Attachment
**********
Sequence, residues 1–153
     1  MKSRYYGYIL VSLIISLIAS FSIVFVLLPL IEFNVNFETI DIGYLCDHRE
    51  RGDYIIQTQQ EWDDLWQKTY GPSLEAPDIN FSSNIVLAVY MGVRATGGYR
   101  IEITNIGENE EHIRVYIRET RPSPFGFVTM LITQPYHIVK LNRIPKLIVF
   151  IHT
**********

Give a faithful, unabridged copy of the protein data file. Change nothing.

Sequence, residues 1–153
     1  MKSRYYGYIL VSLIISLIAS FSIVFVLLPL IEFNVNFETI DIGYLCDHRE
    51  RGDYIIQTQQ EWDDLWQKTY GPSLEAPDIN FSSNIVLAVY MGVRATGGYR
   101  IEITNIGENE EHIRVYIRET RPSPFGFVTM LITQPYHIVK LNRIPKLIVF
   151  IHT